Run Macro in Excel

Runs a macro 🡥 defined in an enabled-macro .xlsm Excel file.

Command availability: IBM RPA SaaS and IBM RPA on premises

Script syntax

IBM RPA's proprietary script language has a syntax similar to other programming languages. The script syntax defines the command's syntax in the script file. You can work with this syntax in IBM RPA Studio's Script mode.

excelMacro --macro(String)


  • Microsoft™ Office 2010 or higher is required.
  • Ensure that the architecture (bitness) of your Office apps, IBM RPA, and your operating system match. For example, if you are using a 64-bit operating system, IBM RPA and Office must be 64-bit too.
  • The Excel application must be open. Otherwise, the command won't work.

To use this command, you must enable macros in Excel. The Following procedure shows you how to enable macros:

  1. Open Excel.
  2. Click the File tab.
  3. Click Options.
  4. Click Trust Center.
  5. Click the Trust Center Settings button.
  6. Go to Macro Settings and select Enable VBA macros (not recommended; potentially dangerous code can run).
  7. Click Ok and close the application.
  • Enabling this option can make your machine vulnerable to malicious code. Ensure that you only run safe macros with IBM RPA.
  • Ensure that the VBA project that contains the macro is not password encrypted.

Input parameters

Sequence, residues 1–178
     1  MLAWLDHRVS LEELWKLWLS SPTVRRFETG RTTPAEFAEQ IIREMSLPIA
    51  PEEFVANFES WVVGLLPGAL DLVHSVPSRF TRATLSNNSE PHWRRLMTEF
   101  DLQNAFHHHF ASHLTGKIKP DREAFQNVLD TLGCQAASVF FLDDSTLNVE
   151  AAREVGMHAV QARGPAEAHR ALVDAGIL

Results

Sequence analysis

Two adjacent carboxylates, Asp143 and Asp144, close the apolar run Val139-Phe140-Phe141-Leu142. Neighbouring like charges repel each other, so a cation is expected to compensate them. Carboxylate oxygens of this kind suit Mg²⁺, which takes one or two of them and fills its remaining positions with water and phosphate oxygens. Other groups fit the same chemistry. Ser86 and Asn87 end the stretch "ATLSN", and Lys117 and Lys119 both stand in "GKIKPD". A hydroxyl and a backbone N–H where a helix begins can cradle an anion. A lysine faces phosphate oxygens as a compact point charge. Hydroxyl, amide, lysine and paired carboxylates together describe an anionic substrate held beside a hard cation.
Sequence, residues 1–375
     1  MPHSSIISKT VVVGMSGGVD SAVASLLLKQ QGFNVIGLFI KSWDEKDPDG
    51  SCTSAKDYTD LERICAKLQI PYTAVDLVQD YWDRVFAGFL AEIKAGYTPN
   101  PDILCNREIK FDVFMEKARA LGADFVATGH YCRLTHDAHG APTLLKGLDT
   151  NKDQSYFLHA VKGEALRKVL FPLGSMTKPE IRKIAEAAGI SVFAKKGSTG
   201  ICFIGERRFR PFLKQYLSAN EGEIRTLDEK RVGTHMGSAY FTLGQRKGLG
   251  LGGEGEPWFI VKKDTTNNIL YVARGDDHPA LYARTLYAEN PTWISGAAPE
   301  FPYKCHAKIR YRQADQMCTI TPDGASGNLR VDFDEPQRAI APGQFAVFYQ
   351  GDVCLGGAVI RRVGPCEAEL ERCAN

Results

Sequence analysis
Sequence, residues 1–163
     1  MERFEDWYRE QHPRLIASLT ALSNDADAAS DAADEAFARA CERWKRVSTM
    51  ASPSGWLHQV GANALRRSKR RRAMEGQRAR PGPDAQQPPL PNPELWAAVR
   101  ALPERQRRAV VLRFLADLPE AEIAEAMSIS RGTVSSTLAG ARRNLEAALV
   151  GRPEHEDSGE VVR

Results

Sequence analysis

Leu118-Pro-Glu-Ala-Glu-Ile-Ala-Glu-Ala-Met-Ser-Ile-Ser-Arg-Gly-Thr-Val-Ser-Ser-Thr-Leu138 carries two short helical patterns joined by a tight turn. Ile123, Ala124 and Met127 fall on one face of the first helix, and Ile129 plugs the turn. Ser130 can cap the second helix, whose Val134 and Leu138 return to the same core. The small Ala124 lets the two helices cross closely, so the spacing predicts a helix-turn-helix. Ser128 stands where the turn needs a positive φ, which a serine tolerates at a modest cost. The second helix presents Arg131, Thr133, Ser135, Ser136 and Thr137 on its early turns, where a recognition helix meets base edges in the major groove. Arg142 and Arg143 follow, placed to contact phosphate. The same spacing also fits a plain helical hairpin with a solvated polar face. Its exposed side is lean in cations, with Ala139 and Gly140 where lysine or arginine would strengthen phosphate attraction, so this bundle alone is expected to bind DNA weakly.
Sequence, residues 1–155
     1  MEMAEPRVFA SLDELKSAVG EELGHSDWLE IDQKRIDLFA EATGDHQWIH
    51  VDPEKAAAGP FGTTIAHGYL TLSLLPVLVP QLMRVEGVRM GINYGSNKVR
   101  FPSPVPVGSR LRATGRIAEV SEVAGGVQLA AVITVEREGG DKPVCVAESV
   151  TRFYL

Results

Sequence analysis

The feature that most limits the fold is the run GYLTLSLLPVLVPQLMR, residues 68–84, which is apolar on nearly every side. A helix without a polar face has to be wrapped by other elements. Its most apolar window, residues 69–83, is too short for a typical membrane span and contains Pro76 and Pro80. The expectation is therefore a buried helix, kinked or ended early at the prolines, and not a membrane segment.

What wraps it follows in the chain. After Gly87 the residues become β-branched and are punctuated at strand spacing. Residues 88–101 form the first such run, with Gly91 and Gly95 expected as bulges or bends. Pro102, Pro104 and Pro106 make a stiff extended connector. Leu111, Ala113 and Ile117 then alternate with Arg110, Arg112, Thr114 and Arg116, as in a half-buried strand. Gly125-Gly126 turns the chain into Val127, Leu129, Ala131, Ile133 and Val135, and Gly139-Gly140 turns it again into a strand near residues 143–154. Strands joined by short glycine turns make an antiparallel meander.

The following table displays the list of input parameters available in this command. In the table, you can see the parameter name when working in IBM RPA Studio's Script mode and its Designer mode equivalent label.

Designer mode label Script mode name Required Accepted variable types Description
Macro macro Required Text Macro to run in the Excel file.


Example 1: The Open Office File (officeOpen) command opens an Excel Office application, stored in the variable "officeApplication". The Run Macro in Excel command runs a macro in this application, making the sum of the values ​​"1 + 2" and saving the result of the sum in cell A1.

defVar --name example --type Excel
defVar --name ID --type Numeric
defVar --name officeApplication --type OfficeApplication
// Download the following file to run the command.
officeOpen --path "Samplefile(excelMacroFile.xlsm)" --type "Excel" --keepvisible officeApplication=officeapplication ID=processid
excelMacro --macro "Range(\"A1\").Value = 1+2"
delay --timeout 00:00:15
officeClose --officeapplication ${officeApplication}
// When checking the open Excel file, the following result is obtained:
// |A1|B1|
// |3 |2 |.

Example 2: The following example is similar to the Example 1, the main change being using the Launch and Attach Window (attachWindow) to open the Excel application, to reiterate that, in order for the command to work, it must be open and in focus.

defVar --name excelFile --type String
defVar --name excelWindow --type Window
defVar --name example --type Excel
defVar --name ID --type Numeric
defVar --name officeApplication --type OfficeApplication
launchWindow --executablepath "${excelFile}" --safesearch  excelWindow=value
excelMacro --macro "Range("B3").Value = Range("A1").Value"
delay --timeout "00:00:15"
officeClose --officeapplication ${officeApplication}


  • The command works only on .xlsm files.
  • The command cannot run Macros that are inside a password-encrypted VBA project.